There are always rebounds from bear stock markets. The question we face in 2010 is how much of the 60%+ rebound from March of 2009 is "rented" vs "owned." By rented, the best example I can provide is the 2000-2002 technology bubble burst. The NASDAQ reached a February 2000 high of 4,696. It subsequently crashed to 1,172 in September of 2002. These returns were rented, ending up as "fairies on paper" that disappeared. The NASDAQ stands at 2,269 as of 12/31/09.
So, as we look forward to 2010, should the record returns of 2009 be viewed as "real" or "rented?" I started taking the stance halfway through 2009 that we were moving into the "rent but not own" category of stock market reality. For this reason, we have been reducing our risk exposure in the portfolios I manage at Wade Financial Group over the course of the past six months. I believe it is more important for investors to end up owning real portfolio returns. This may mean that their returns "may not be keeping up" during the rental stage of a stock market rally which may be judged, as based upon economic reality, when viewed several years later.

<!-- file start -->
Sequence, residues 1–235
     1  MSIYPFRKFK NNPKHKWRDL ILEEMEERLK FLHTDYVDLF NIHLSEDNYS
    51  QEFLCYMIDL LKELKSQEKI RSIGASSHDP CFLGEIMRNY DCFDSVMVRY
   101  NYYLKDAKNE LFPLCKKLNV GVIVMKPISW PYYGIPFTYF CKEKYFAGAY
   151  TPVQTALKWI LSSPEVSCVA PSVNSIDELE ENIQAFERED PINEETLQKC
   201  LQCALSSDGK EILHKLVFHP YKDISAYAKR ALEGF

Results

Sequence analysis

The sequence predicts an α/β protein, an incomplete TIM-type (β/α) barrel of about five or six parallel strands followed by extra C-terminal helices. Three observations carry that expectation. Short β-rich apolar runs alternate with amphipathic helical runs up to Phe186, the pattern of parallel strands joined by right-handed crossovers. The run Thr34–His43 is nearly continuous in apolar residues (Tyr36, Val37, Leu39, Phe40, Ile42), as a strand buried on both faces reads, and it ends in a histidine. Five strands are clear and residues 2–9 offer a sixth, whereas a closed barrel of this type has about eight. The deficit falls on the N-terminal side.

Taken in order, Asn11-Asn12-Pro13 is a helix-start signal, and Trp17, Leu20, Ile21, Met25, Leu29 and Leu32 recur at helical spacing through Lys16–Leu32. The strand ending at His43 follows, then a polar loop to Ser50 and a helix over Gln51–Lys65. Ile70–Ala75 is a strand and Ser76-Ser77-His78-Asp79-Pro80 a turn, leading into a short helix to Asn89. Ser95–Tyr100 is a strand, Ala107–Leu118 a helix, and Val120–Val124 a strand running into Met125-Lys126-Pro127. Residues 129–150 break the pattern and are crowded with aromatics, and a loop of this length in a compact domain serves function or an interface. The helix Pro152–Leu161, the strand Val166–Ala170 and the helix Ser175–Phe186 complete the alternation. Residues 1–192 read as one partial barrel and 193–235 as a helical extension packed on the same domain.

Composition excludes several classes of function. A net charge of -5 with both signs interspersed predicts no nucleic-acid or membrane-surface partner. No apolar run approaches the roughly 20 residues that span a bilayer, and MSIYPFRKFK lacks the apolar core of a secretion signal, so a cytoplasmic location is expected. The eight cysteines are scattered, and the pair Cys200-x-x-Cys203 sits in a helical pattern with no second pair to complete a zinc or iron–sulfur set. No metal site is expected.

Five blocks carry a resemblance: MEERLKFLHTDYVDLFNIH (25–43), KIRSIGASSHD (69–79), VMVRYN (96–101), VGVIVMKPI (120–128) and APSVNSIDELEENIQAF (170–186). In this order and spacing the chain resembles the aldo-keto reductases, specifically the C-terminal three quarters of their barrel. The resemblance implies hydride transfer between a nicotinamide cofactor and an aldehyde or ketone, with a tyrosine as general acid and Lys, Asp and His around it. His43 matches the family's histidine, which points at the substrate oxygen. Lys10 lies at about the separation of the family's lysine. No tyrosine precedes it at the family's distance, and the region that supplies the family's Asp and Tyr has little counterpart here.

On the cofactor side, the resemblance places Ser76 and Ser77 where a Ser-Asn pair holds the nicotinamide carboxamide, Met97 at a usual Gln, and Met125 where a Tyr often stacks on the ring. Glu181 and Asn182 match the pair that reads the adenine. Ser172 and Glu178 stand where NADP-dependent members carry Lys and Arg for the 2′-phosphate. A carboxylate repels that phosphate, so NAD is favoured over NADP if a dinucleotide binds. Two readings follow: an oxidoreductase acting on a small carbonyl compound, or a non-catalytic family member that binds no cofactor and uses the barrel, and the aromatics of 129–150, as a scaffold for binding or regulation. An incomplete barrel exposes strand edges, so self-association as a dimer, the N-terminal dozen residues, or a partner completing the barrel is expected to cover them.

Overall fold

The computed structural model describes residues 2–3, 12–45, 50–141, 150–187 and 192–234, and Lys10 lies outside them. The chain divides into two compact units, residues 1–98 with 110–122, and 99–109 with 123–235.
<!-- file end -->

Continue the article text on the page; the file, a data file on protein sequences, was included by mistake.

In our indivdual stock portfolios, we recently purchased more defensive stocks that we believe are well positioned for a potential negative return for the U.S. stock market in 2010.
Understanding the difference between "renting" vs. "owning" investment returns is critical for investment success.
Only by standing against the prevailing winds – selectively, but resolutely – can an investor prosper over time. Such a strategy may underperform during the portion of market cycles where stocks are rising based upon the momentum of the herd vs. fundamental valuations.